Search engines are persistent, but they’re not designed to be particularly durable. You should never use a search engine as your primary data store! It should be a secondary copy of your data, which can always be recreated from the original source in an emergency.

At Shopify we use Elasticsearch for our full-text search. Elasticsearch is replicated and distributed out of the box, which makes it easy to scale.

The most important feature of any search engine, though, is that it performs exceptionally well for text searches.

To learn more about how full-text search engines achieve this fast performance, you can check out Toria’s lightning talk from StarCon 2019.

When to use a Full-Text Search Engine

If you have found yourself writing SQL queries with a lot of wildcard matches (for example, “SELECT * FROM products WHERE description LIKE “%cat%” to find cat-related products) and you’re thinking about brushing up on your natural-language processing skills to improve the results… you might need a search engine!

Search engines are also pretty good at searching and filtering by exact text matches or numeric values, but databases are good at that, too. The real value add of a full-text search engine is when you need to look for particular words or substrings within longer text fields.

Message Queue

The last type of data store that you might want to use is a message queue. It might surprise you to see message queues on this list because they are considered more of a data transfer tool than a data storage tool, but message queues store your data with as much reliability and even more persistence than some of the other tools we’ve discussed already!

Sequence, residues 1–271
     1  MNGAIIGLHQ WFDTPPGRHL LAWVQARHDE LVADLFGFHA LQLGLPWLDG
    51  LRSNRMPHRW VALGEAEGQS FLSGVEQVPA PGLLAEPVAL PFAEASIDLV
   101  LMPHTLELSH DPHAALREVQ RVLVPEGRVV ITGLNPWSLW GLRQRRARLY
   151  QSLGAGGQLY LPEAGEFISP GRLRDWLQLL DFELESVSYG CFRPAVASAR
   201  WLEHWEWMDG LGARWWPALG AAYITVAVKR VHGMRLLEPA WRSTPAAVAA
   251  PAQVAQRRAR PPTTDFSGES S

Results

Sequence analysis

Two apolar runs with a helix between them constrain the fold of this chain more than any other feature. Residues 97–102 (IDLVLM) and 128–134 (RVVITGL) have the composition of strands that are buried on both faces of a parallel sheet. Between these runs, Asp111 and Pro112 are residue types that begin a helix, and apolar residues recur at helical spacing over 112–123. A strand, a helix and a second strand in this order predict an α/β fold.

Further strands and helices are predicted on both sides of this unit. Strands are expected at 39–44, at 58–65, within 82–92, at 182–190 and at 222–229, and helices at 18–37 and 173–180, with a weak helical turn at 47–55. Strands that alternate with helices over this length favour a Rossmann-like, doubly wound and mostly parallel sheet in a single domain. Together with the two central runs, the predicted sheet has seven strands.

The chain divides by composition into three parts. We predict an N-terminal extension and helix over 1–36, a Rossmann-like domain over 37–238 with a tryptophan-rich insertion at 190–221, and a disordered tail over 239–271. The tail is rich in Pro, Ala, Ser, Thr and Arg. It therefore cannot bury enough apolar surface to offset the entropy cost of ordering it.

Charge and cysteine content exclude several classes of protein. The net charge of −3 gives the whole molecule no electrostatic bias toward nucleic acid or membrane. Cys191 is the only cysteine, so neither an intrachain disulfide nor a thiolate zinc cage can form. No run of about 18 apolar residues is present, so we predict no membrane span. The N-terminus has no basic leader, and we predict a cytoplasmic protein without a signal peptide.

At Shopify, we use Kafka for all our streaming needs. Payloads called “messages” are inserted into Kafka “topics” by “producers.” On the other end, Kafka “consumers” can read messages from a topic in the same order they were inserted in.

Under the hood, Kafka is implemented as a distributed, append-only log. It’s just files! Although not human-readable files.

Kafka is typically treated as a message queue, and rightly belongs in our message queue section, but it’s technically not a queue. It’s technically a distributed log, which means that we can do things like set a data retention time of “forever” and compact our messages by key (which means we only retain the most recent value for each key) and we’ve basically got a key-value document store!

Although there are some legitimate use cases for such a design, if what you need is a key-value document store, a message queue is probably not the best tool for the job. You should use a message queue when you need to ship some data between services in a way that is fast, reliable, and distributed.

When to use a Message Queue

Use a message queue when you need to temporarily store, queue, or ship data.

If the data is very simple and you’re just storing it for use later in the same service, you could consider using a key-value store like Redis. You might consider using Kafka for the same simple data if it’s very important data, because Kafka is more reliable and persistent than Redis. You might also consider using Kafka for a very large amount of simple data, because Kafka is easier to scale by adding distributed partitions.

Kafka is often used to ship data between services. The producer-consumer model has a big advantage over other solutions: because Kafka itself acts as the message broker, you can simply ship your data into Kafka and then the receiving service can poll for updates. If you tried to use something more simple, like Redis, you would have to implement some kind of notification or polling mechanism yourself, whereas Kafka has this built-in.

In Conclusion

These are not the be-all-end-all of data stores, but we think they are the most common and useful ones. Knowing about these five types of datastores will get you on the path to making great design decisions!

What do you think? Do you have a favourite type of datastore that didn’t make it on the list? Let us know in the comments below.